Neither goalie has been great this year, but Niemi could get the nod based solely on postseason experience. He has a Stanley Cup and over 60 games on his resume, while Lehtonen has never been out of the first round and has just eight playoff games to his credit.

 

Flames parting ways with Hiller

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No huge surprise here, but it is official — veteran goalie Jonas Hiller won’t be back with the Flames next season, per the Calgary Sun.

Hiller, 34, struggled mightily this season after a ’14-15 campaign in which he backstopped Calgary to the playoffs a year ago. He went 9-11-1 with a 3.51 GAA and .879 save percentage, getting sporadic playing time.

In the last of a two-year, $9 million deal, Hiller could be in tough finding NHL work next season. He was largely panned for his body of work this year and — following an ugly 8-3 loss to Anaheim, in which Hiller allowed three goals on five shots — head coach Bob Hartley offered a frank assessment.

“You give them a few freebies from the start, and you know it’s going to be a long game,” Hartley said, per Yahoo. “Our goalies had a tough night. Nothing to take away from the Ducks, but in order to beat them you need a few saves here and there.”

As for Calgary, moving on from Hiller figures to be part of a major overhaul in goal.

Karri Ramo, who suffered a torn ACL in February, said he’s spoken with management — “we’ll see which direction the organization is going to go,” he said — but, given he turns 30 in July and is coming off a major knee injury, he doesn’t look like a long-term option.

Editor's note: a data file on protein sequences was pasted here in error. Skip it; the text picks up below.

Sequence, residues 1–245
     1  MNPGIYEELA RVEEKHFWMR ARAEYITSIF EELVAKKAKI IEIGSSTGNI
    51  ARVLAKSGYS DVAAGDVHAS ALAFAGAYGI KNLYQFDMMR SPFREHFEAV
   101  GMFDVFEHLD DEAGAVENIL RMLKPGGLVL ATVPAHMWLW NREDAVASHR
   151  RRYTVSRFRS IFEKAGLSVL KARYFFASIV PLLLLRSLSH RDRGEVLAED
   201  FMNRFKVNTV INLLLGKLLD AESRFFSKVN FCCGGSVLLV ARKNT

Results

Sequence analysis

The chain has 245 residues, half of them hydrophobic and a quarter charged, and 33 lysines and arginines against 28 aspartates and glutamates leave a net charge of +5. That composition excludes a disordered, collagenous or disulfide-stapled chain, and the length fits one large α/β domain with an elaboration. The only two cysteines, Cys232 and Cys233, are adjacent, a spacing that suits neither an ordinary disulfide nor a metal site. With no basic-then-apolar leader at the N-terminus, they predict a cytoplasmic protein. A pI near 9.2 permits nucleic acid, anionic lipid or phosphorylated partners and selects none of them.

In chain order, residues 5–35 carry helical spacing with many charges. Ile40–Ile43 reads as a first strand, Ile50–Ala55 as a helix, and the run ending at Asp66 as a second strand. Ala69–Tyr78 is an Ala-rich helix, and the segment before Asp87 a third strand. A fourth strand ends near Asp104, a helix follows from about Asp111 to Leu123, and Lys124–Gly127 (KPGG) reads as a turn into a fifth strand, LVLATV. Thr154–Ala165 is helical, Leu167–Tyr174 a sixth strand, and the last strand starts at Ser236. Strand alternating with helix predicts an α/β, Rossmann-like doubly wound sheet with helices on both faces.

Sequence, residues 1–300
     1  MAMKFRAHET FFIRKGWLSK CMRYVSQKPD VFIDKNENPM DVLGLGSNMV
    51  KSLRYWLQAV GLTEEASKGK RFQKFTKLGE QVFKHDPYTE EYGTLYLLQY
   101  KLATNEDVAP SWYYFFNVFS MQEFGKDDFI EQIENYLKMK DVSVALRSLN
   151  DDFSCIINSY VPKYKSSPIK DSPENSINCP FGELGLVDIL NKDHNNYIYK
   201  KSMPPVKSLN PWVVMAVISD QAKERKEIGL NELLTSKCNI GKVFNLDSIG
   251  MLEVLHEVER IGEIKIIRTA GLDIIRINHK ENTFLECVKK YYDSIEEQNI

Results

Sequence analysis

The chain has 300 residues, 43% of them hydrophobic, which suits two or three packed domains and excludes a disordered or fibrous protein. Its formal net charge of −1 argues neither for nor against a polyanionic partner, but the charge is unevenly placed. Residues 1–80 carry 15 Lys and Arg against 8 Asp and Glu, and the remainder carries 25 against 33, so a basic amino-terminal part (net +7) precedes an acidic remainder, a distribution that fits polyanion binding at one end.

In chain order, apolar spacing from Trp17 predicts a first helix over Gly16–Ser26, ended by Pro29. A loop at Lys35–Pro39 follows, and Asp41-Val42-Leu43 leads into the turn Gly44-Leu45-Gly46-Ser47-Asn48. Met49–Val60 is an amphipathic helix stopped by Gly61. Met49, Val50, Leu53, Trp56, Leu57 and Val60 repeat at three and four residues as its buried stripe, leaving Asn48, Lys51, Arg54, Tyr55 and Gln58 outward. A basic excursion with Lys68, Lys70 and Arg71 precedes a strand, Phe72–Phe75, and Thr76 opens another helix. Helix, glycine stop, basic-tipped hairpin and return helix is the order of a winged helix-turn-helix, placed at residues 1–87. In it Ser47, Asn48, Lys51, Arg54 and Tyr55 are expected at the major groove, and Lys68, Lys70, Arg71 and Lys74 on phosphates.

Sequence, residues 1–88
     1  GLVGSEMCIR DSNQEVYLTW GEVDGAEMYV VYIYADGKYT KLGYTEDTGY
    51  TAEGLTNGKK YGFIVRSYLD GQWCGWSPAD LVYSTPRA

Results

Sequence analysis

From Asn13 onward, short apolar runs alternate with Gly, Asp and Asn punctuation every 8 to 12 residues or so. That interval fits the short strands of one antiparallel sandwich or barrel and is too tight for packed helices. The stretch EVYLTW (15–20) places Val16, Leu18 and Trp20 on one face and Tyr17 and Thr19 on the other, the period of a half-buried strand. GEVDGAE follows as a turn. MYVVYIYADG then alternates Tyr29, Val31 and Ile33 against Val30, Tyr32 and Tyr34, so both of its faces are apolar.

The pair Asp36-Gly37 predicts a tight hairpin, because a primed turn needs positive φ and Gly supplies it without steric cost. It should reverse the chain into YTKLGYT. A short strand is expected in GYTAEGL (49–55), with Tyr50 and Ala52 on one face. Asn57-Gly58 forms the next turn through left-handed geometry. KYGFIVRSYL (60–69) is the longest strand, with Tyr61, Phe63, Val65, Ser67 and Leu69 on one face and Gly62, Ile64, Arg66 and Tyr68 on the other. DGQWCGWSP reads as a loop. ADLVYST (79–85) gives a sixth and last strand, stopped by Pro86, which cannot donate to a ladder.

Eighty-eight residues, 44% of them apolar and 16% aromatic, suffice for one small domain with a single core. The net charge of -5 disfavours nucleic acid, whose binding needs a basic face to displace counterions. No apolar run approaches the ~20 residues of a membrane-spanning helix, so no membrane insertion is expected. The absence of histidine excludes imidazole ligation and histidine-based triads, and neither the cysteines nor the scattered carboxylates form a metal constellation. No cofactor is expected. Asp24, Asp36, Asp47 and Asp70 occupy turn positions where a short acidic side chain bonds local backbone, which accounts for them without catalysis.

Niklas Backstrom, acquired in the David Jones trade, is gone, which leaves Joni Ortio to (presumably) battle with whomever the Flames acquire via trade, or free agency.

The club has been tied to San Jose’s James Reimer (pending UFA) and Anaheim’s Frederik Andersen (pending RFA). But it sounds as though Calgary’s options might expand beyond those two — in March, Flames GM Brad Treliving said the club will “cast a wide net” to find a goalie.

Ducks continue home dominance over the Flames

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Make that 23 straight regular season home wins for the Anaheim Ducks against the Calgary Flames.

That’s quite a long streak.

It wasn’t even close to ending Wednesday, as the Ducks started early with three goals on their first five shots, chasing Jonas Hiller from the Calgary net, and then crushed the Flames by a final score of 8-3.